KEY POINTS

  • Sending large amounts of funds through the Bitcoin blockchain is cost effective
  • A similar transaction over PayPal will net $37 million in fees
  • Still, the transaction fees are not justified for small-time payments

Cryptocurrency tracker Whale Alert notified the crypto community of the transfer of 92,857 Bitcoins to an unknown wallet for the fee of just $4. At current prices, the Bitcoins are worth $1,092,603,640, making it one of the largest Bitcoin transactions broadcasted on the blockchain. 

Normally, Whale Alert would attach the possible identity of either the sender or the recipient of the cryptocurrency funds. This can be done because some persons and companies have publicly disclosed their blockchain addresses. 

For this particular $1 billion transaction, Whale Alert said the sender used a Xapo wallet or account but the receiver’s wallet was unknown. The blockchain revealed that the unknown wallet where the Bitcoins were transferred was a newly created one. 

For anyone who thinks this is a rare occurrence, a Twitter user said these transactions happen a couple of times a month. On July 1, a transaction worth $930 million was broadcasted on the blockchain. It only took the sender $0.48 to proceed with the transaction.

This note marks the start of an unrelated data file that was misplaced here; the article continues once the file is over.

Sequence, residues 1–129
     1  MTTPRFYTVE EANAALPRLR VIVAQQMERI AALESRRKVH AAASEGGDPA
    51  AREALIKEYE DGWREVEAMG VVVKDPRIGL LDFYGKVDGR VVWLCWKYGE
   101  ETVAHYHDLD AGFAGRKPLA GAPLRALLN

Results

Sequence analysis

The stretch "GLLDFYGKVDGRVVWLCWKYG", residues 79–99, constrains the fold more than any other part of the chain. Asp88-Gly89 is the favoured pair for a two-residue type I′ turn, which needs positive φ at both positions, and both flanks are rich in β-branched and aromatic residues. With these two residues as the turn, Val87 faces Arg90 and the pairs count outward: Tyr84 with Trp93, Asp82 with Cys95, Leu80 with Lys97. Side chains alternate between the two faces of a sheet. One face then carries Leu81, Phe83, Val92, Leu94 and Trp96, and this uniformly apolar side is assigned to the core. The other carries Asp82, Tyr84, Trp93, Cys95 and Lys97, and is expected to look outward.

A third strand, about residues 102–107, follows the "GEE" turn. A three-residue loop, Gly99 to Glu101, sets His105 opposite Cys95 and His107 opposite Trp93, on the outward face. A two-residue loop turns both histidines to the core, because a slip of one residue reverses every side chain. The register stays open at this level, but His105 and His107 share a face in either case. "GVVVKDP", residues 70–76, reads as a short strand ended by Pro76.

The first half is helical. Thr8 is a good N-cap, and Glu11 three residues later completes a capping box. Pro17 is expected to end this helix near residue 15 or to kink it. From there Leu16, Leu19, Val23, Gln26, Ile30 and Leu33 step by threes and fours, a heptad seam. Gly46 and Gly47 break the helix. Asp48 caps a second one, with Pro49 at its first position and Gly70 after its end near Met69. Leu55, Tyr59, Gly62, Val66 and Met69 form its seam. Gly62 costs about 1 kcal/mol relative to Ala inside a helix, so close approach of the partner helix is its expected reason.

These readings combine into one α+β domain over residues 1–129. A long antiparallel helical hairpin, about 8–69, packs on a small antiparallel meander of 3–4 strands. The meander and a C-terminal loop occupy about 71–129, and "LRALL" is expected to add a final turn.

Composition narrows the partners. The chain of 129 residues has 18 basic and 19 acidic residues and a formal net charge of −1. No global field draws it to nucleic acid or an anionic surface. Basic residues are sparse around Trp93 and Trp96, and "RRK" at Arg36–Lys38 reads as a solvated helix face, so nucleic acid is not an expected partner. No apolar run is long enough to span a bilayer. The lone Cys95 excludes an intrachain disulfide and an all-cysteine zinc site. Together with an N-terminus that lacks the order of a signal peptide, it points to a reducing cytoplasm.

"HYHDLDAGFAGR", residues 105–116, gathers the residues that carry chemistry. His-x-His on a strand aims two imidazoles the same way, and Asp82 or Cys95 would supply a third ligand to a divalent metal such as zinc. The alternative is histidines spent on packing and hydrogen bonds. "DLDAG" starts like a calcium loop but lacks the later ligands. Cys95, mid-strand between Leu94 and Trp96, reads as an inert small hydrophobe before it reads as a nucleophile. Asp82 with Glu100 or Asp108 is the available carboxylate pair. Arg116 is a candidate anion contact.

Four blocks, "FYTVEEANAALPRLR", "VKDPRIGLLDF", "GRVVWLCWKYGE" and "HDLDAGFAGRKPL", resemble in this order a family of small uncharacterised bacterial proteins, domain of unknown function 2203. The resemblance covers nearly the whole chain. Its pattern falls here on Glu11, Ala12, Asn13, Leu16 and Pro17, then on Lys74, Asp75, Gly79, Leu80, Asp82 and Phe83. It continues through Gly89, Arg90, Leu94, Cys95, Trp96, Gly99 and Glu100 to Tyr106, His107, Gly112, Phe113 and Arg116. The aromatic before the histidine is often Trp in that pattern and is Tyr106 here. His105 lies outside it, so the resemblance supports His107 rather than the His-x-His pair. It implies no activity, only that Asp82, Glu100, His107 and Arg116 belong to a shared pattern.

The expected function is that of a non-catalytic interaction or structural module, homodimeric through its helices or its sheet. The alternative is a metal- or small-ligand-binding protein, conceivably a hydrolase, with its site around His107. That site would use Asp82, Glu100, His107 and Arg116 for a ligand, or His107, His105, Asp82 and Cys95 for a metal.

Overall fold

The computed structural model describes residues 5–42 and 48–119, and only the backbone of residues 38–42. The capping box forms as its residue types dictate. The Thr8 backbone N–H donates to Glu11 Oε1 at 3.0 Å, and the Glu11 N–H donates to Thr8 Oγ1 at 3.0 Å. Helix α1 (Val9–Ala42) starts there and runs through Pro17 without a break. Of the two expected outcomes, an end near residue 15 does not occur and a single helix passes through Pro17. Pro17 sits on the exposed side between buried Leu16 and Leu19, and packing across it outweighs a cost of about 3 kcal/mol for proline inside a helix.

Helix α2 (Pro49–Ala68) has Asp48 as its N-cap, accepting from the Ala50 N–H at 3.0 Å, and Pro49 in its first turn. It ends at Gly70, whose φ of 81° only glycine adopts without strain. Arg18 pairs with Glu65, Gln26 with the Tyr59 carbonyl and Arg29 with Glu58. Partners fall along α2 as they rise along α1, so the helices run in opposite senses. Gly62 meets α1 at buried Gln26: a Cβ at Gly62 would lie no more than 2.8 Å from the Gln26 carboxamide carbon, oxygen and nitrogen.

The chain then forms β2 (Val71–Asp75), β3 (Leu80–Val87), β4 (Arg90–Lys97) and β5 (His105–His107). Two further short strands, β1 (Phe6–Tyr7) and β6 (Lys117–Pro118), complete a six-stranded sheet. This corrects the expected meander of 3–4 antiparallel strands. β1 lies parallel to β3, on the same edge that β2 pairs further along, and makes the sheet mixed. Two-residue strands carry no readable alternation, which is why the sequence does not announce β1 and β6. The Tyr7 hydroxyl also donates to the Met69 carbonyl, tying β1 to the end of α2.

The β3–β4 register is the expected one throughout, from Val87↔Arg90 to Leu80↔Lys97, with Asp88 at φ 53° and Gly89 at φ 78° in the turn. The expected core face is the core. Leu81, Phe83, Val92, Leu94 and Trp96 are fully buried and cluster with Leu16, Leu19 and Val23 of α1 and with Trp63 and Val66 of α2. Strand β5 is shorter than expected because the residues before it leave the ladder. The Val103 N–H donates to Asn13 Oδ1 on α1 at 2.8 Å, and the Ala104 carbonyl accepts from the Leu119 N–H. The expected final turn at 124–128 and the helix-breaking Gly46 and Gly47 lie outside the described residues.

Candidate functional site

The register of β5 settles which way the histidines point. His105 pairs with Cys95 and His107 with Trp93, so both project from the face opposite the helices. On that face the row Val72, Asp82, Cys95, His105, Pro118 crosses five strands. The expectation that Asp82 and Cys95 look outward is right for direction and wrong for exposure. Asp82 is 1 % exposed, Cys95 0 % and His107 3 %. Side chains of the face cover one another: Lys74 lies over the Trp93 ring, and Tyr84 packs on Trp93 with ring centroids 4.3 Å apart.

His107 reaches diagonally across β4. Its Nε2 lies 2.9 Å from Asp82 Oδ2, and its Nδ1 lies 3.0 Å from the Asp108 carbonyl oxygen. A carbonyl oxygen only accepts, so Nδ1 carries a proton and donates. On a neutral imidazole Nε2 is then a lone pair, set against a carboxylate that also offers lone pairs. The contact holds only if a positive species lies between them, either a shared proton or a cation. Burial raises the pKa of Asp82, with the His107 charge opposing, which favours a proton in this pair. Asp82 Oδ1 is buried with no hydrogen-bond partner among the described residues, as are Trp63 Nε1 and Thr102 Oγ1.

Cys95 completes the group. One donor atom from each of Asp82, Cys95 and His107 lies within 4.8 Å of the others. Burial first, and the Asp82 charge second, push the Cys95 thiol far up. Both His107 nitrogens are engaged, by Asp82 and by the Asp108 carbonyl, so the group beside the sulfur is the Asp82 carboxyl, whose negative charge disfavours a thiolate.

The transaction is important for highlighting the cost-effectiveness in sending a large volume of funds using Bitcoin and the Bitcoin network. According to DesignHill.com, a similar amount transferred through PayPal will net a fee of $37,148,524.06. 

Despite the cost-effectiveness for large transactions, small amounts could face high fees in order to get confirmed on the Bitcoin blockchain. Right after the Bitcoin halving, transaction fees have increased by over 2,000%. A transaction in May 2020 paid $6.64 in fees. With Bitcoin prices increasing, so do the transaction fees. On Aug. 5, the average transaction fee was $5.35. 

This makes it impossible for small-time transactions to get confirmed on the blockchain as the fees do not justify the cost. Several initiatives are being undertaken to solve the problem of transaction fees. One of them is the Lightning Network, a layer 2 payment protocol on top of the Bitcoin blockchain.

The idea is that small transactions will be collected and facilitated on the Lightning Network before they are transferred in bulk on the Bitcoin blockchain. While it takes around 10 minutes for Bitcoin transactions to be confirmed, it only takes 1 to 2 seconds in the Lightning Network, said to be capable of handling 1 million transactions per second.